I never saw that coming! Have you ever felt that way? It’s not a comfortable topic, but one, as human beings, we will experience at least once in our lifetime. It happens with a best friend, a spouse, and sometimes with a family member or trusted colleague.
The amount of trust shared often governs relationships with people. There is an expectation present that the person will behave or speak to you in a certain way that is amicable for both parties. Now the tricky part. When someone in your circle of trusted people (friends, family, colleagues, or spouses) does something (action or words, or the lack thereof) that feels like a betrayal to your very core. You’re left feeling shocked, heartbroken, or at the very least disappointed.
When this happens, the trust you experience in the relationship changes. That change is sometimes slight, but frequently is drastic.
Okay, so it happened. There’s no denying it. It’s real. Now what do you do with it? How does it change your relationship with the other person? Again, sometimes it is a slight change, and other times it is a profound change. The hard part is integrating that experience into your historical library with the person, and now you are in a place of choice.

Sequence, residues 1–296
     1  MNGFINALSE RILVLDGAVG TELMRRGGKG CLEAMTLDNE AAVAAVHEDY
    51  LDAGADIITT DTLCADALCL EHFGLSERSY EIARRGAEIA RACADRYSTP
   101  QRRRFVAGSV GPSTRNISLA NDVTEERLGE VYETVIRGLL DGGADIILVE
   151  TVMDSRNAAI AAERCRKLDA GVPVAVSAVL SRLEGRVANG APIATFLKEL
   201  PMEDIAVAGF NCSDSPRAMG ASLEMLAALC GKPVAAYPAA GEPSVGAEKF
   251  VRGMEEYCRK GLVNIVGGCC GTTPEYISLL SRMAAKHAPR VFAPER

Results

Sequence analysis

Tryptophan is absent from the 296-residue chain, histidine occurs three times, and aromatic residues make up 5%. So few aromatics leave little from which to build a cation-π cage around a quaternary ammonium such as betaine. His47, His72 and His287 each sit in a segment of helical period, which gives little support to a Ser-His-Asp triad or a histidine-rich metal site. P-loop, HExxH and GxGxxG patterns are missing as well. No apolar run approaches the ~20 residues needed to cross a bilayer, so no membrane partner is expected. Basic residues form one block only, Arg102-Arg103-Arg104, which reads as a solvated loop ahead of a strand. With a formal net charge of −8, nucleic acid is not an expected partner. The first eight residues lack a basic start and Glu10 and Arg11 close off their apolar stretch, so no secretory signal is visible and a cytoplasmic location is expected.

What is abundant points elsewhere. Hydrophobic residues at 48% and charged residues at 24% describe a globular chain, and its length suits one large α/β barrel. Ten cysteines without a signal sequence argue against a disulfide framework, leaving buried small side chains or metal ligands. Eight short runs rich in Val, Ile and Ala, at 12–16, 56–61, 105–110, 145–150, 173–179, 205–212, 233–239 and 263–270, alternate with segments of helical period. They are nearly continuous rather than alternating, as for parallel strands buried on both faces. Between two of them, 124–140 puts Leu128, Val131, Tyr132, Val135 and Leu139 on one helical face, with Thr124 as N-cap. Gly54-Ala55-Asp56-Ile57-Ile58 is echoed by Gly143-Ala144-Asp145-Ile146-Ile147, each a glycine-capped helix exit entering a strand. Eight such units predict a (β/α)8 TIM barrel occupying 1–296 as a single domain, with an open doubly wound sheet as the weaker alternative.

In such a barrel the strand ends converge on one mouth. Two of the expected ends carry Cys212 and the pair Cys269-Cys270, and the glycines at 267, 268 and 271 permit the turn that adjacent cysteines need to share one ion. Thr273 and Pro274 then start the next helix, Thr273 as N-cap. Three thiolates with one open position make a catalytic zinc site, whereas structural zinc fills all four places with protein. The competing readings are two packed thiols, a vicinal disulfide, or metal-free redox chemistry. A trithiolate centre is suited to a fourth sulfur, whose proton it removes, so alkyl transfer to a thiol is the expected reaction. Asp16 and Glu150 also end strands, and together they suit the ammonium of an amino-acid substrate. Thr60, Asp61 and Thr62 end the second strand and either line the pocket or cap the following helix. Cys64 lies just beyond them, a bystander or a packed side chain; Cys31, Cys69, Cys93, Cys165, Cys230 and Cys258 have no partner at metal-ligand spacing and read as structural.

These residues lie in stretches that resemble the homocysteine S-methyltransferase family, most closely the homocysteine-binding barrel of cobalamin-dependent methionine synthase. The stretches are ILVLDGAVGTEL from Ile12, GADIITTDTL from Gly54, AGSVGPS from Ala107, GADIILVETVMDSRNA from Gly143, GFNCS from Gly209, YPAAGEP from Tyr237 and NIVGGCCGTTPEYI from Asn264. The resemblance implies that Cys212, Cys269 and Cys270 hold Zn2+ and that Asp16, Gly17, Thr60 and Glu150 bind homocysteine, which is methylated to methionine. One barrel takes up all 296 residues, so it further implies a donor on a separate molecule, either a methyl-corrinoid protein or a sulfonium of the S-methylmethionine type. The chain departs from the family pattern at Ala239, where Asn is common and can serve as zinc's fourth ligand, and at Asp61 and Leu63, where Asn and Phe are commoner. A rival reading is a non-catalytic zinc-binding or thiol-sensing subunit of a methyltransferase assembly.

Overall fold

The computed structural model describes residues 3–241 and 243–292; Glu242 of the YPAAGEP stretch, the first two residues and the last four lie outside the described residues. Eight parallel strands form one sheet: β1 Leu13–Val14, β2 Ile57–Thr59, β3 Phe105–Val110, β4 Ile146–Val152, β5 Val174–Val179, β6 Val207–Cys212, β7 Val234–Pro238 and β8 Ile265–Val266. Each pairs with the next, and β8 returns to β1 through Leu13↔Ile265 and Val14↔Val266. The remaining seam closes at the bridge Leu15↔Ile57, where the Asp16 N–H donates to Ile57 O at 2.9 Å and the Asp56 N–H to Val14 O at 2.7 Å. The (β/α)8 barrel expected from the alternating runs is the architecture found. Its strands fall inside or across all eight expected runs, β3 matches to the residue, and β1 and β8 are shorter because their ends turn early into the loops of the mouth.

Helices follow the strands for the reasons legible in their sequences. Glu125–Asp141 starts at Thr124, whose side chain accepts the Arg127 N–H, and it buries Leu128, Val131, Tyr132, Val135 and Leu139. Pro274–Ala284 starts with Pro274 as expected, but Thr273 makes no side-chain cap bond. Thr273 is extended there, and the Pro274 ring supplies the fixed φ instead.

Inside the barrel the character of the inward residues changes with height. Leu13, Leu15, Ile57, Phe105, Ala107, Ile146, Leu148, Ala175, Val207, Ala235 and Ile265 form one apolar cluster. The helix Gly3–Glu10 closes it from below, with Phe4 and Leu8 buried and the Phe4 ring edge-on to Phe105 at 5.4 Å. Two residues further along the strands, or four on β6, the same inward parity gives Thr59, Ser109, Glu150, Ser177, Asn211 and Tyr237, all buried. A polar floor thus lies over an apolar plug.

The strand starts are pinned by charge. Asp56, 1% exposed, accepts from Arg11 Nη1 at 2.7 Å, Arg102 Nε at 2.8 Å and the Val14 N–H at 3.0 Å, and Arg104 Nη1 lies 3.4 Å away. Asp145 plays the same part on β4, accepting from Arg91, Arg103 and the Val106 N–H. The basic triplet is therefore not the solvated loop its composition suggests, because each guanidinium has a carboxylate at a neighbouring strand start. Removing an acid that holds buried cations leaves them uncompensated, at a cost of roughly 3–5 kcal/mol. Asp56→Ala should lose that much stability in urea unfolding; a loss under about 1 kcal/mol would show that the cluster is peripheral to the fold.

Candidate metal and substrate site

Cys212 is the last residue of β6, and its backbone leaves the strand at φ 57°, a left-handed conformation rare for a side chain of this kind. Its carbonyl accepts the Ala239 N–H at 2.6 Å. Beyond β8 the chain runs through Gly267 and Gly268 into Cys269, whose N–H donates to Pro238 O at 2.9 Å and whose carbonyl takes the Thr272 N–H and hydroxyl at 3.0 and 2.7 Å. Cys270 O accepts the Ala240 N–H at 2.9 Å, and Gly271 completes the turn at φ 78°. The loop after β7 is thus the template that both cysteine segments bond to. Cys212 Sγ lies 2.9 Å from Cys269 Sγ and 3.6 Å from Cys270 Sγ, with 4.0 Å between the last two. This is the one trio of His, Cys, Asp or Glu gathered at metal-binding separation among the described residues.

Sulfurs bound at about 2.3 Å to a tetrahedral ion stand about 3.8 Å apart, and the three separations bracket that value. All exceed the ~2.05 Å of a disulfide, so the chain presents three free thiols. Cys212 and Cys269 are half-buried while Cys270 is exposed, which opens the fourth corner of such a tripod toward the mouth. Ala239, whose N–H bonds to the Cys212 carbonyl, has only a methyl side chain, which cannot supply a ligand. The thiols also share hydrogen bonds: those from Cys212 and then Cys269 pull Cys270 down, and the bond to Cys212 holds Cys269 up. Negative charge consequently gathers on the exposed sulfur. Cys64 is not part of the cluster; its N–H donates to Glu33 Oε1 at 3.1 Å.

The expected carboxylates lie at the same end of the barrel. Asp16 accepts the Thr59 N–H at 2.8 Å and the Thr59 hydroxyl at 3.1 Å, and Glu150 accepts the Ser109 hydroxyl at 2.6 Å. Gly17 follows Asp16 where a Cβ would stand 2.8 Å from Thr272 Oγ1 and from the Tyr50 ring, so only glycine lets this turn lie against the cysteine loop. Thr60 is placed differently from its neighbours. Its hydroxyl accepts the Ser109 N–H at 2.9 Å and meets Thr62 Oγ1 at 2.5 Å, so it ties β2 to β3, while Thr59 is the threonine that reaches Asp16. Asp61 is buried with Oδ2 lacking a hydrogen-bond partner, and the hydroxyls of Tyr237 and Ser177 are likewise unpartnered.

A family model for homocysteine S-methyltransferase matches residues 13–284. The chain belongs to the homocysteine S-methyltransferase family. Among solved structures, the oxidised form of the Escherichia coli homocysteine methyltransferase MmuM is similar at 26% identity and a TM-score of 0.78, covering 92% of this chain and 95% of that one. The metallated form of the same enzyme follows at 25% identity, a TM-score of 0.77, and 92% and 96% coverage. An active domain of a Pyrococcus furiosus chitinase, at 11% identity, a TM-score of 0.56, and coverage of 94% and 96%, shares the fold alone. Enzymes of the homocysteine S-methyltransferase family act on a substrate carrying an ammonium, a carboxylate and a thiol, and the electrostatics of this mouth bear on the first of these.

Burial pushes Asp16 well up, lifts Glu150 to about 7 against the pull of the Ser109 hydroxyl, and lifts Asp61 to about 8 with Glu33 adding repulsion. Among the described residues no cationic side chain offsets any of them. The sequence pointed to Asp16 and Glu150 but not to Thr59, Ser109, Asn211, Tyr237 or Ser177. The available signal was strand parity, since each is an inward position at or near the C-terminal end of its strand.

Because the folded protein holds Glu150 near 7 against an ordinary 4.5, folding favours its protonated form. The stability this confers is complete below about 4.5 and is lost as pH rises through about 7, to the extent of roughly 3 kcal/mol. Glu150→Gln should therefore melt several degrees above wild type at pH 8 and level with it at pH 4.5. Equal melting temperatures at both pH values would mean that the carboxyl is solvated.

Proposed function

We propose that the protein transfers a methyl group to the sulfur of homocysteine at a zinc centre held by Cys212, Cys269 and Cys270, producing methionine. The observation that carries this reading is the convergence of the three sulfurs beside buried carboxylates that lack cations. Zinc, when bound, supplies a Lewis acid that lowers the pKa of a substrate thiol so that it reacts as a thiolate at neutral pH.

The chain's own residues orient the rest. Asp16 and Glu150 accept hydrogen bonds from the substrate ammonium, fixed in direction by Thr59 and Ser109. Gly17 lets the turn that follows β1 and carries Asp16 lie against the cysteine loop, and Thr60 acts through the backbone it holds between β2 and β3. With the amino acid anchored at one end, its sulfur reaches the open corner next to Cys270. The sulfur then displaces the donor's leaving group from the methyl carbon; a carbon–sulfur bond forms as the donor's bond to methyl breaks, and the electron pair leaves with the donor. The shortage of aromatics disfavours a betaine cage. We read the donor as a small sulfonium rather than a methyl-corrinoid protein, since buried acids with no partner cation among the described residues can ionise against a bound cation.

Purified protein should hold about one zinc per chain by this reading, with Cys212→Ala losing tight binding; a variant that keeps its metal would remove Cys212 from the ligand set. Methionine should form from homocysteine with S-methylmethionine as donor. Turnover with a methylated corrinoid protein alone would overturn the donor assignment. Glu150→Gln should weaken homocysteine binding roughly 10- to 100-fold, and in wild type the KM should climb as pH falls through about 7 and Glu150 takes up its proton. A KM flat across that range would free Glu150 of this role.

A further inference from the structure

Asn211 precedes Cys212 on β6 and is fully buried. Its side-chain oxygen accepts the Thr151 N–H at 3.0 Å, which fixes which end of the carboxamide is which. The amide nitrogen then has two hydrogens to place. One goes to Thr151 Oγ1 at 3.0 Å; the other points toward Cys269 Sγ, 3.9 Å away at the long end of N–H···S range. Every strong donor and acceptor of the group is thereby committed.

The choice leads you to a point of forgiveness and second (or third) chances, or perhaps even to a point where you sever the relationship. Maybe you simply change how you relate to the person. All these big emotions, decisions, and dynamics are part of the dance that happens when you never saw that coming. We each make our own choices about how to manage it once it’s said and done. There is also a circumstantial component that plays into how you respond or react to the event in question. Oh my! This feels enormous!
The personal power we have in a situation such as this is our choice. It is appropriate and important to understand your feelings about it. It is part of the dance. Give yourself credit for recognizing the feelings, and then remember you always have a choice to act or react in a manner that takes care of you. Sometimes ‘I never saw that coming’ is an invitation for us to examine what is useful in our lives. Maybe it even provides an opportunity for growth. That’s a good thing, even though it might seem like the crux of a tidal wave.
Did you see this coming? (She smiles encouragingly.)